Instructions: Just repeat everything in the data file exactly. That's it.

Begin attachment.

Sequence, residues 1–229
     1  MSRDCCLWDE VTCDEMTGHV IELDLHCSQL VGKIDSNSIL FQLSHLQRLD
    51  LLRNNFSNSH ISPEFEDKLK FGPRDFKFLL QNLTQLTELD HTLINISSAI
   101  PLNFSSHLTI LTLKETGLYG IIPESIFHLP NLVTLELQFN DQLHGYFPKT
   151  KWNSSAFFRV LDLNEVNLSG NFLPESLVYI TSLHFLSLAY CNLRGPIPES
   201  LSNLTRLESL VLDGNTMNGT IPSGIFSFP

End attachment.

Sequence, residues 1–229
     1  MSRDCCLWDE VTCDEMTGHV IELDLHCSQL VGKIDSNSIL FQLSHLQRLD
    51  LLRNNFSNSH ISPEFEDKLK FGPRDFKFLL QNLTQLTELD HTLINISSAI
   101  PLNFSSHLTI LTLKETGLYG IIPESIFHLP NLVTLELQFN DQLHGYFPKT
   151  KWNSSAFFRV LDLNEVNLSG NFLPESLVYI TSLHFLSLAY CNLRGPIPES
   201  LSNLTRLESL VLDGNTMNGT IPSGIFSFP